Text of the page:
II. "No matter how long we stay outside, my dog waits until we are home to soil."

This problem is common in urban dogs who were paper trained until they were fully immunized. Most folks paper train by putting down papers in one spot, taking the puppy to the spot until the dog seems to "get it," then leaving the dog in peace to eliminate. The puppy learns that housebreaking means going to a particular place in private to soil. The papers are almost incidental. Avoid this problem by simulating outdoor walking habits indoors. Put down the papers on a schedule instead of leaving them out constantly, and place them in different places instead of always the same spot. Take your pup to the papers on leash, teaching her a toileting command such as "Do your business," and praise her for a job well done. This routine easily transfers to walks outdoors.

III. "My dog keeps me outside for hours before he goes!"

Some folks walk their pups just until they eliminate and then promptly turn around and head for home. In no time, dogs learn that they can extend the fun only if they can "hold" themselves. A walk should be the reward for soiling. When you leave your home, take your dog immediately to a suitable toileting spot, such as a lamp post, patch of grass, or curb in front of a fire hydrant. It's helpful if this is a spot other dogs use. Issue your potty command. Circle the spot with your dog for five minutes, ten minutes tops. If he urinates, praise and go play. If he holds, go right back in and crate him. Try again in an hour or two. Before you know it, you should have a dog who will eliminate on command in his spot.

IV. "My dog was housebroken, but when he turned nine months old, he started baptizing the sofa near the window."

As a male dog matures and begins to lift his leg, he marks his territory, leaving scent cues for other canines. Consider castration, since an unneutered male is more likely to engage in marking behavior than a neutered one. A well-timed verbal correction when he is lifting his leg is helpful, too. Confinement will once again be necessary when he is alone until the problem is resolved.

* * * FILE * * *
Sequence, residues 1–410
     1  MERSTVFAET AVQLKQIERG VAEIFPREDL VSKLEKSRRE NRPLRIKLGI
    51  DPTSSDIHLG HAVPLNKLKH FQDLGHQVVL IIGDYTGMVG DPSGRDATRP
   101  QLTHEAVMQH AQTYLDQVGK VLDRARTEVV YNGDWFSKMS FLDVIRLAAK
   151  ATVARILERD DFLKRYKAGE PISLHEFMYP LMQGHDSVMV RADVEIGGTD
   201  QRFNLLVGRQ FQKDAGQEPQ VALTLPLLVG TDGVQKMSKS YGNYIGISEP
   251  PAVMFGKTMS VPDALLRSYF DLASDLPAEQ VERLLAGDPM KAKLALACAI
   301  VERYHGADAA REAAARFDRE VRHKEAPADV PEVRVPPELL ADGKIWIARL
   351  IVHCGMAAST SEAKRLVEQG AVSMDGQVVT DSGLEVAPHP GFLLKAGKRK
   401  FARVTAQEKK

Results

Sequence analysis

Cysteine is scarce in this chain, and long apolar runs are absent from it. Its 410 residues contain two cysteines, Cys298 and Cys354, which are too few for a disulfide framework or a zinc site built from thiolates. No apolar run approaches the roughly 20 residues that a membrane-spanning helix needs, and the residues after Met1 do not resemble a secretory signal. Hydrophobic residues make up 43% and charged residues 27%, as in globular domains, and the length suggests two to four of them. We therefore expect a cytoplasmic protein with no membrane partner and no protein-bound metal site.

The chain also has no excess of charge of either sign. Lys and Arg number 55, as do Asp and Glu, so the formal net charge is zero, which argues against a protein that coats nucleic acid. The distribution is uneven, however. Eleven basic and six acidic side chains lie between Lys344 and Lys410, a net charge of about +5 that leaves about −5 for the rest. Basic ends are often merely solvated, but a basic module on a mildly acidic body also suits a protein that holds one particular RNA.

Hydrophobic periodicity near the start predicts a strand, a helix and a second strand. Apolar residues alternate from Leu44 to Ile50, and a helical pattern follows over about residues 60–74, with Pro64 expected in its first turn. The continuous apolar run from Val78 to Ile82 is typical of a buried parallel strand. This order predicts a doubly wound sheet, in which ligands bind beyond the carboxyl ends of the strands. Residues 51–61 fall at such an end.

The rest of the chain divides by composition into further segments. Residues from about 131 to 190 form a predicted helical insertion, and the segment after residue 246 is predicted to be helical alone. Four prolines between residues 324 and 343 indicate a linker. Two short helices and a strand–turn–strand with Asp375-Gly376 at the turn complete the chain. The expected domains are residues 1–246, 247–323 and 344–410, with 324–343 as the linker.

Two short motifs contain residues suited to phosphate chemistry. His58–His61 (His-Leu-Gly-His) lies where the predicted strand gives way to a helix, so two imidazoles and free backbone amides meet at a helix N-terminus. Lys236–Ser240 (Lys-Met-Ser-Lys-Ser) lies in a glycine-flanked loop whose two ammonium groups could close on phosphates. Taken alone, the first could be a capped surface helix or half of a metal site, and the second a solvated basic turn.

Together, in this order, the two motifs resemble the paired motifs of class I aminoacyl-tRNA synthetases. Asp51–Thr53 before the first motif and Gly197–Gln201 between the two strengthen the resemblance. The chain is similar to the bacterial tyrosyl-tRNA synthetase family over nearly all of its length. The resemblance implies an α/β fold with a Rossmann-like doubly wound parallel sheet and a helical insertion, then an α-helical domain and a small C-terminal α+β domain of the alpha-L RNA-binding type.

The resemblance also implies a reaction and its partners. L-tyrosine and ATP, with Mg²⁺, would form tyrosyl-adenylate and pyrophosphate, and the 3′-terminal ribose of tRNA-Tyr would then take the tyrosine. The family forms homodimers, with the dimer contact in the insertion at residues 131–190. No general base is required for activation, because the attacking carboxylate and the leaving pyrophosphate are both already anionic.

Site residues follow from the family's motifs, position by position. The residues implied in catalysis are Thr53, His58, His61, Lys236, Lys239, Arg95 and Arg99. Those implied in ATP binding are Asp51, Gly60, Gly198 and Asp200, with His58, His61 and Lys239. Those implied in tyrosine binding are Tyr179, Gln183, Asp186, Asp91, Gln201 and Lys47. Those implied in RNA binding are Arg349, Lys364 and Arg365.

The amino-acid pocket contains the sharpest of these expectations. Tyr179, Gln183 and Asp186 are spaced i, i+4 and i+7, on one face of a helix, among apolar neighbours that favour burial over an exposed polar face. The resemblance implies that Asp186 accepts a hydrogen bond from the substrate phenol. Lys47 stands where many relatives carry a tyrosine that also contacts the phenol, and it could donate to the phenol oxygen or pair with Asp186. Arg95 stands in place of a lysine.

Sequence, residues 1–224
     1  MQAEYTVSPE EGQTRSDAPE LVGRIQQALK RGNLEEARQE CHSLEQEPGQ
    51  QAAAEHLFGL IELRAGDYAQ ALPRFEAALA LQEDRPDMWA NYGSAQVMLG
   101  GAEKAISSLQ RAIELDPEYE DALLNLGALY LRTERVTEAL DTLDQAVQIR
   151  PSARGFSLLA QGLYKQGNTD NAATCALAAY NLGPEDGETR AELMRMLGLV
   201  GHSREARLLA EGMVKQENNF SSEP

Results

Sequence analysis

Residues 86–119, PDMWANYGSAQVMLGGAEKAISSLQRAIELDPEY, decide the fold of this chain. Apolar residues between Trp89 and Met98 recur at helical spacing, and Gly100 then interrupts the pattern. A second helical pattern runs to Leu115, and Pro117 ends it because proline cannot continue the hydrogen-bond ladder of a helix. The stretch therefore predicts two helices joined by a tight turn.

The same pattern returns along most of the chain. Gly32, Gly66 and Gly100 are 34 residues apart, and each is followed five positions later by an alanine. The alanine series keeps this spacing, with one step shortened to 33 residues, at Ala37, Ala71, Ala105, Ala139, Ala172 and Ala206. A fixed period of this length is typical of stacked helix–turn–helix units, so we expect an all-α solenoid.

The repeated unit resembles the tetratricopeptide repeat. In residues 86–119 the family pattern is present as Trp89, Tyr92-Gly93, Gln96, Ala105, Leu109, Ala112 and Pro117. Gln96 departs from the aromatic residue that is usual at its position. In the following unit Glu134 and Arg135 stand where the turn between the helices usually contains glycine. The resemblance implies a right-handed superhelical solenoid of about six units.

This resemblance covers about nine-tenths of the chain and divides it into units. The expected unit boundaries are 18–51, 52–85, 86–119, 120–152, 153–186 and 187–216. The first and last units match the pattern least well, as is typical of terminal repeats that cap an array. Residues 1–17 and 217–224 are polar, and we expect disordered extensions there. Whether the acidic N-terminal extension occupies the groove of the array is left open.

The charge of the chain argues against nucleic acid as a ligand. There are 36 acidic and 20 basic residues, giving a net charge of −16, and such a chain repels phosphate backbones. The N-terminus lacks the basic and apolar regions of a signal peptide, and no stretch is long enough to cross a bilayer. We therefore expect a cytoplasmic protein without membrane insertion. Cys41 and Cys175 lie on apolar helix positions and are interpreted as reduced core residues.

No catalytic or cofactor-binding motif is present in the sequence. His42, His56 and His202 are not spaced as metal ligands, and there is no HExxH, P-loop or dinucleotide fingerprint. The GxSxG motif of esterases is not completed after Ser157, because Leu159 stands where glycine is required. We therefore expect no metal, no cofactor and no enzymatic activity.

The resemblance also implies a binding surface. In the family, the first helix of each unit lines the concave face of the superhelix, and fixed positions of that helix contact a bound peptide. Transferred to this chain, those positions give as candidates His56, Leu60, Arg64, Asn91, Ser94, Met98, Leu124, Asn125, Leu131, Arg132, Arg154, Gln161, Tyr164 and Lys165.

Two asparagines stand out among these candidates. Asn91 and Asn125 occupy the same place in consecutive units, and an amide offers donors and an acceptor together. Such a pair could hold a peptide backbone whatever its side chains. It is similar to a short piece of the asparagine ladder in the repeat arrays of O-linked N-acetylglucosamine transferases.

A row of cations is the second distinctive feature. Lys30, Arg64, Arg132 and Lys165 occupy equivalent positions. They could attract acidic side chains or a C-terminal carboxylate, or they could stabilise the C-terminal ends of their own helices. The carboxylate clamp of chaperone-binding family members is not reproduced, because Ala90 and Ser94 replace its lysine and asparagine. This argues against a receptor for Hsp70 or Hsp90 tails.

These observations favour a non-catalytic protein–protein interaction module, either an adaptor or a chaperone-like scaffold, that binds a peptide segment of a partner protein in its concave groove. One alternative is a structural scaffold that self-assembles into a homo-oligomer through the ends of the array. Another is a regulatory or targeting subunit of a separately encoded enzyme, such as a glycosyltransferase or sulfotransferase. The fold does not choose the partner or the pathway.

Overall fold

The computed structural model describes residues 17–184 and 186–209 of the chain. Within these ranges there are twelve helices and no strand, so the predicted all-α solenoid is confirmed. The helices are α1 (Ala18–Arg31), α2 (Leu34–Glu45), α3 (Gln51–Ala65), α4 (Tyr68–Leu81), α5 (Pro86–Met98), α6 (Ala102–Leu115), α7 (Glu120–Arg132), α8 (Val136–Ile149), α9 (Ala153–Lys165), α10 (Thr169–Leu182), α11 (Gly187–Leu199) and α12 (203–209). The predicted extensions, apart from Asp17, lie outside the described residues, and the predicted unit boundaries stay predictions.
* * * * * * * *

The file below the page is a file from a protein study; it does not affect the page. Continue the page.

The Potty Wars too often make adversaries of dogs and their caretakers. It should be a battle waged together, on the same side, because the spoils of this war—a clean and dry home—spell victory for all parties concerned.

Housetraining the Older Dog

Housetraining the older dog constitutes a behavior problem, and the aspects of the behavioral analysis need to be examined. In many cases, diet is a contributing factor. Some dog foods contain large amounts of filler, non-digestible additives, which do nothing for the dog but increase the amount of bulk that must be eliminated. Semi-moist foods, which contain large amounts of salt, cause the dog to drink a great deal of water, undermining a housetraining effort. In general, if the dog is eliminating as much as he is eating, he is not digesting enough of his dog food. You can change his food over (do this gradually, incorporating the new diet into the old one until he is completely eating the new diet—about3-4 weeks) or you can discuss the question of digestion problems with your veterinarian.

THE DOG’S REWARD is that he is doing what comes naturally. In some instances, the dog is making a social statement. For example, a dog who regularly uses his owner’s shoes as his bathroom is indicating that the relationship is not that of the human as the pack leader and the dog as the pack member. In such a case, the relationship needs addressing, not just the housetraining problem.
The male dog who lifts his leg in the house is marking territory. In many cases neutering is the solution.

BREEDING IS NOT THE SOLUTION TO MARKING TERRITORY, it will only make it worse. If you tell people that your dog is “MOSTLY HOUSETRAINED”, your dog is not housetrained at all. Being mostly housetrained is like being a little pregnant- you either are or you’re not. A dog either goes to the bathroom in the house on occasion, in which case he is not housetrained, or, barring illness, he never goes in the house, in which case he is housetrained.

THE DOG’S PERCEPTION of the discipline meted out for a housetraining problem has nothing to do with what the owner thinks it does. At the moment the dog is going to the bathroom, he is unaware of the consequences of his physical action. As soon as he is finished, he may turn around, see the puddle and remember that he gets yelled at when that’s there, but that is after the fact. It is too late for your dog to do anything about it, even if he knew what to do.